Workplace Rights

Weekly (5/5/14)

Topic of the Week  The Way: Hiring Secrets from HR

The Way: Hiring Secrets from HR:

10. Write your resume for a computer.

9. Show your shared values.

8. Get your own business card.

7. Connect human to human.

6. Avoid a resume that looks like everyone else's.

5. Prepare an elevator speech.

4. Dress one level up.

3. Be smart about social media.

2. Send a thank you note.

1. Everything & everyone matters.

The Way: Hiring Secrets from HR

It's tough to just get past Human Resources to even get considered for a job today. Which reminds me of the fence one-upmanship in a recent Republican debate. Michele Bachman signed a pledge to build a double walled fence between the U.S. and Mexico. Herman Cain said his fence would be 20 feet high. It's going to have barbed wire on the top. It's going to be electrocuted, electrified," although later he claimed to be only joking.


If you've been looking for work chances are that you feel like there is both double walled AND electrified fence between you and the job you want. That's why I interviewed Sue McNabb, a Human Resources pro, for insight on what HR knows that we don't about getting hired.


10. Write your resume for a computer. Companies use sorting software that look for key words that appear in the want ad or job description. Make sure those exact phrases appear in your resume.


9. Show your shared values. Sue suggests that if the company is green to take the bus to the interview and to tell them you took the bus.


8. Get your own business card. After working for a long time for one company your identity can get all wrapped up in the company. That's why it's so important to get your own business card to establish your own identity.


7. Connect human to human. Put a few personal things about yourself in your resume because that allows you to connect with someone person to person.


6. Avoid a resume that looks like everyone else's. Remember, hiring managers can get hundreds or even thousands of resumes that can be stacked into piles with many using Microsoft Word or popular resume books as a template. Stand out by combining a number of styles in your resume.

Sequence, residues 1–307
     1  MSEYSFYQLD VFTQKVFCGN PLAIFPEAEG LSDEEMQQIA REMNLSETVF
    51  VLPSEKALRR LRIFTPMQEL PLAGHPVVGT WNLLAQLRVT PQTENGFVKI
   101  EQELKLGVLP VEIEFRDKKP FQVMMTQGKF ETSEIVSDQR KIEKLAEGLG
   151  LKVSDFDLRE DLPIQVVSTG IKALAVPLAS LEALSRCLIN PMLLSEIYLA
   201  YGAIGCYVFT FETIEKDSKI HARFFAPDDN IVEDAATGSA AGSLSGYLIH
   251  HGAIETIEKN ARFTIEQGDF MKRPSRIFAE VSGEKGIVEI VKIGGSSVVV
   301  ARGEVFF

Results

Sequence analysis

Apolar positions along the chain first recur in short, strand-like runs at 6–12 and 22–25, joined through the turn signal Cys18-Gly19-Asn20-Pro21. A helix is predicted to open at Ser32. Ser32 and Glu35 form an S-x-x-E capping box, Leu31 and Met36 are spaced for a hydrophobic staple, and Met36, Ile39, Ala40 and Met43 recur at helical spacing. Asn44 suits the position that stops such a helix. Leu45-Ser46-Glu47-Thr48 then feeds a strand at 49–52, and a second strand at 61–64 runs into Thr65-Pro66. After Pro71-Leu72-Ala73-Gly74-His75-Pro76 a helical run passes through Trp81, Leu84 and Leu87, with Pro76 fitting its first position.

5. Prepare an elevator speech. What do you have to offer? Prepare a short speech about who you are and what you can offer the company you'd like to work for.


4. Dress one level up. Dress one level above the group, because they want to know that you are respecting them. Show them that you're excited about this interview that you made kind of a special day.


3. Be smart about social media. She surfs the Internet looking for people who can contribute to her company. So you have to be smart and assume that they'll see the good, the bad and the ugly stuff that you've posted online.


2. Send a thank you note. It's unique, it makes you stand out and it's going to show that you are thinking of the human across the table from you.


1. Everything & everyone matters. You need to know that the receptionist is going to give you an opinion as the HR person about what they think about the candidate. They're going to tell you if the candidate came in all frazzled and crazy. 


Use these insights to leap over the fence around the company that you want to work for.

Thought of the Week

"If you think hiring professionals is expensive, try hiring amateurs."


Weekly Comic by Jerry King

Weekly Comic by Jerry King

Blog of the Week

Top Five News Headlines

    List of the Week

    from Workplace Options

    Our Millennial Challenge: Getting The Most Out of Younger Workers

    • 77% of workers believe millennials have a different attitude toward workplace responsibility than workers of other age groups
    • 68% feel that millennials are less motivated to take on responsibility and produce quality work compared to their counterparts
    • 46% think millennials are less engaged at work than other employees


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